He was the United States Secretary of State and called "The Great Commoner." From 1896, he was a dominant force in the Democratic Party, competing for President of the United States for 3 times, though failed.

    89. fuddy-duddy

      It refers to a person who is conservative, old-fashioned and traditionalist. It can be understood as boring, an old and no humor sense of expression.

    90. noggins

      Noggins is a U.S. slang. It refers to a kind of a container that can refresh people's heads. The modern meaning is somebody's head. Source from http://www.worldwidewords.org/qa/qa-nog1.htm.

    91. Pontius Pilate

      He was the one who presided over the trial of Jesus and ordered his crucifixion, the fifth governor of the Roman province of Judaea.

    92. Dial

      The Dial was an American magazine published intermittently from 1840 to 1929. Focus of the magazine had shifted within three steps: chief base for Transcendentalists writing, a political review and literary criticism magazine, and an influential outlet for modernist literature in English.

    93. Bohemianism

      Bohemian is basically a sort of unconventional lifestyle. think Henry David Thoreau as an example, who stayed in the wilderness and wrote stuff for quite a while.


    94. Yankee

      It can be used as a term for an "American." However, in this context, it is more than likely that it's referring to someone who's from New England. https://www.dictionary.com/browse/yankee

    95. Huntington

      The Huntington National Bank is one of the biggest banking companies in the United States, having offices primarily in Midwest.

    96. Smithsonian Institution

      The Smithsonian Institution is the largest museum, education, and research complex in the world, named after its founding donor - "James Smithson." The Institution is administered by the government of the United States, including 19 world-class museums, galleries, gardens and a zoo located in Washington DC, New York and Virginia.

    97. longhand


    98. Chippewas
    99. North Dakota

      It is a U.S. state where its capitalBismarck and its largest city is Fargo.

      Source from https://en.wikipedia.org/wiki/North_Dakota.

    100. prosaic

      Prosaic here means ordinary and not especially interesting or unusual according to Cambridge Dictionary.

      So those people in highly inbred communities are uninteresting to Gould as he himself was not a "normal" person most his acquaintance thought.

    101. Carnegie Institution

      Carneqie Institution of Washington was founded in 1902. In 1903, it approved the plan of studying evolution at a biological experiment station. The Station for Experimental Evolution opened later in Cold Spring Harbor, New York. Under the initial directorship of Charles Benedict Davenport (1866-1944), the unit would flourish and operate for 67 years, undergo name changes as it fine-tuned its research focus, combine with and then close down a eugenics research operation, and eventually merge with neighboring Long Island Biological Association’s Biological Laboratory.

      Source from http://library.cshl.edu/special-collections/carnegie-institution-of-washington.

    102. Cold Spring Harbor

      Cold Spring Harbor rose as a whaling community in the mid-nineteenth century. But after the decline of the whaling industry, it became a resort town in the1860s. Source from https://en.wikipedia.org/wiki/Cold_Spring_Harbor,_New_York.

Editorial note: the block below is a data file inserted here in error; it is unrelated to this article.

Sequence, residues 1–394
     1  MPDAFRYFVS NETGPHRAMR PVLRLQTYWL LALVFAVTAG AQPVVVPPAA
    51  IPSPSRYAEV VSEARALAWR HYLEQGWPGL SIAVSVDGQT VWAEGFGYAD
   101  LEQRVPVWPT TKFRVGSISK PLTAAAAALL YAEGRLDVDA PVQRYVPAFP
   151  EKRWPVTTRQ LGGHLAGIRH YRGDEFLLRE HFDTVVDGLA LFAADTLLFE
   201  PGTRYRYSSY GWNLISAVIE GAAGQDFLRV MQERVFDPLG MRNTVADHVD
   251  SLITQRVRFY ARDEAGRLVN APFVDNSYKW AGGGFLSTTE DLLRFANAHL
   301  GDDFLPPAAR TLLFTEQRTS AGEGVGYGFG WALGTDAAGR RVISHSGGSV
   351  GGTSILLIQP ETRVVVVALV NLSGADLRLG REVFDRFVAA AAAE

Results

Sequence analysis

103. Albanian Orthodox Church,

      The Autocephalous Orthodox Church of Albania is one of the newest autocephalous Eastern Orthodox Churches. It declared its autocephaly in 1922 through its Congress of 1922. The church suffered during World War II and the church has seen a revival since religious freedom was restored in 1991. Source from https://en.wikipedia.org/wiki/Albanian_Orthodox_Church.

    104. ranch

      Ranch is a large farm, especially in the western U.S. and Canada, where cattle and other animals are bred and raised.

    105. Conrad Aiken

      Conrad Potter Aiken (August 5, 1889 – August 17, 1973) was a Pulitzer Prize-winning American poet, born in Savannah, Georgia, whose work includes poetry, short stories and novels. He was deeply influenced by Symbolism, especially in his earlier works. He is the father of English writer Joan Aiken. Source from http://famouspoetsandpoems.com/poets/conrad_aiken/biography.

    106. rocking chair

      A rocking chair or rocker is a type of chair with two curved bands attached to the bottom of the chair's legs. The occupants are allowed to rock back and forth while sitting on it.

      Source from https://en.wikipedia.org/wiki/Rocking_chair.

    107. Norwood

      Norwood was long used as a hunting ground by Native Americans and was settled by the English in 1678. It is located in Norfolk County, Massachusetts, United States as part of Great Boston area. See the location on the map below.

      Source from https://en.wikipedia.org/wiki/Norwood,_Massachusetts.

    108. blood poisoning

      Blood Poisoning is a serious infection caused by the bacteria in the bloodstream. The infection has nothing to do with "poison". It actually refers to bacteremia, septicemia and sepsis. Source from https://www.healthline.com/health/blood-poisoning.

    109. Alaska

      Alaska is the northernmost and the westernmost state in the United States as the only noncontiguous state on continental North America. See the location on the map below. Source from https://en.wikipedia.org/wiki/Alaska.